Memorabilia that needs to be sorted and eventually put in albums or “memory boxes” (I keep this box on the floor under my desk so I can throw things in there easily as they come across my desk—a playbill, tickets from a concert (accompanying pics trapped in my camera and will eventually make their way to uploading—or the box of miscellaneous computer media to check before discarding!)
Tape recordings of my grandmother, now living with Jesus, waiting for this coming summer when I can transfer them to the computer and burn to DVD’s so my mom, her sister and my girls can all have copies and hear her wisdom. It was very important to me to keep these safe—a well labeled project box is GREAT for these kinds of things.
Disks and smart cards of pictures that have yet to be uploaded or printed (so I don’t mix them up with those that have been—again)
Favorite family recipes I want to handwrite onto index cards for my daughters.
These boxes can be used in any room of the house. If you get attractive boxes (available at many stores—IKEA in particular—you can stack them in a corner and they are an attractive addition to the room rather than a distraction. As a project is completed, change the label and repurpose for the next project. It also helps me keep a visual “to do” list and helps me limit starting something new until something “old” is completed. Because they are so easily accessible (and easy to put away), it makes it much more realistic to work on a project in those rare “spare” moments or when watching a movie—or recovering from surgery/illness.
Another use for attractive boxes – or baskets – keep one in the corner of your closet or bedroom—line it with a trash bag—when getting dressed and finding that shirt that just doesn’t fit right anymore or taking off those shoes that killed your feet all afternoon—toss directly in the box/basket for donation. It’s good to keep one of these in the laundry room if you can. If there is a standard place to put the “don’t want it anymore’s” it makes it WAAAAAY easier to keep the piles down and the clutter at bay. Once a month, (or three or 12) gather up all the “donation” bags from the boxes/baskets and away they go! If you’re donating to a Thrift Shop you can toss anything from stuffed animals to books in there and they will sort after receiving it. Everyone wins!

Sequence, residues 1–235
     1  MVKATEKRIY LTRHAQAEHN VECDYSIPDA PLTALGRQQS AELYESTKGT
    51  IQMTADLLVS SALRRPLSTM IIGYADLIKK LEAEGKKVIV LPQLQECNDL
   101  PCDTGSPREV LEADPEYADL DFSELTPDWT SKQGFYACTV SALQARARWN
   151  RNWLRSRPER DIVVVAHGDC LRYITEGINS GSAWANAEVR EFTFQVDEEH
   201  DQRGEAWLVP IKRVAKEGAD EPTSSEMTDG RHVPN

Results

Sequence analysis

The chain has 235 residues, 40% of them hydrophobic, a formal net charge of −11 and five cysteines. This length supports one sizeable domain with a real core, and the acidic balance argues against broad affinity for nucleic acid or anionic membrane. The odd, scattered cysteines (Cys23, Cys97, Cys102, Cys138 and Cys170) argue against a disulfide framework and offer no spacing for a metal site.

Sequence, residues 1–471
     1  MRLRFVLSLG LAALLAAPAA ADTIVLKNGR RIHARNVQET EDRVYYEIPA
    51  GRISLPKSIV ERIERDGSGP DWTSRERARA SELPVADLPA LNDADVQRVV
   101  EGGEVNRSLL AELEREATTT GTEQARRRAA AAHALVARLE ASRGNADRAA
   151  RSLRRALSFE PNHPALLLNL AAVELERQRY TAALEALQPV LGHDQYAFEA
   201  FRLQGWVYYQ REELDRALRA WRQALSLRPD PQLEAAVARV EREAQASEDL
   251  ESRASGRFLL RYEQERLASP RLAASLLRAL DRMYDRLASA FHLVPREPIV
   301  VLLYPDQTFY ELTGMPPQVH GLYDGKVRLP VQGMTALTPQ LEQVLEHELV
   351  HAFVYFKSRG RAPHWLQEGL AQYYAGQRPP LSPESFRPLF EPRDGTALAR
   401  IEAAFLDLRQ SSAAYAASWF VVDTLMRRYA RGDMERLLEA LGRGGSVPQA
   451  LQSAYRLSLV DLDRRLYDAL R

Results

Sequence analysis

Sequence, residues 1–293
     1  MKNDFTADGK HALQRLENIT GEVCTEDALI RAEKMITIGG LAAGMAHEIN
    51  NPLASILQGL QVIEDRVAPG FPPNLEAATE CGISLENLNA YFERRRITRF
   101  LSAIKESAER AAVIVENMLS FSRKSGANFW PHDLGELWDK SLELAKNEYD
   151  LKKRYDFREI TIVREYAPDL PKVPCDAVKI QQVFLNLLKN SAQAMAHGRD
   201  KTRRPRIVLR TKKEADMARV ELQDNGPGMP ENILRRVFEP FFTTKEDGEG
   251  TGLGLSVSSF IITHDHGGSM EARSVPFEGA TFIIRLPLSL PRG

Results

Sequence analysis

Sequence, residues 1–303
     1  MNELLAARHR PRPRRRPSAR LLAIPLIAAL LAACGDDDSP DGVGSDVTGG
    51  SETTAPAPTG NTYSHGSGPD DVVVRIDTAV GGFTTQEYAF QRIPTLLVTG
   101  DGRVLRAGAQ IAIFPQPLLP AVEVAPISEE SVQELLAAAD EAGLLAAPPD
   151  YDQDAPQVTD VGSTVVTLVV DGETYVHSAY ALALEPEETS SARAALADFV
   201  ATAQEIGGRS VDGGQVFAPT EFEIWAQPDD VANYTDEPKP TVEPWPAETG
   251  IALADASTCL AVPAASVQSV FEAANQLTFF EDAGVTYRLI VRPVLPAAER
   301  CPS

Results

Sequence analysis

Project boxes can be small and especially portable–I use a number of “boxes” that are a little larger than a sheet of paper–some are even 3 ring inside. These are especially good for “grab and go” when you know you’ll be cooling your heels in a doctor’s waiting room or sitting in an airport. I even have one called “portable office” that I can take in my car or when traveling that has everything from paper clips to a mini stapler and various colored highlighters and post-it notes. Have project box, will travel! The real beauty of these things is that you won’t lose little bits of paper and sticky notes when you are moving it around, putting it in or taking it out of a carry bag, etc. – because it’s a BOX! These are handy for kids working on things like a research paper where there are index cards, etc. involved. Paper dolls travel nicely too Keep one in the car (they fit under the seat–unless you have a seatwarmer–then, just don’t Put a coloring book and crayons for little ones should you get stuck in traffic, for example.
Bottom line – containerize, containerize, containerize. But this is CRITICAL for those of us who are HIGHLY visual—LABEL EACH AND EVERY BOX—I guarantee– if you don’t do THIS (and a post it note will suffice if needed) you WILL forget what’s inside and spend months searching frantically for something that is only inches away from you…don’t ask me how I know this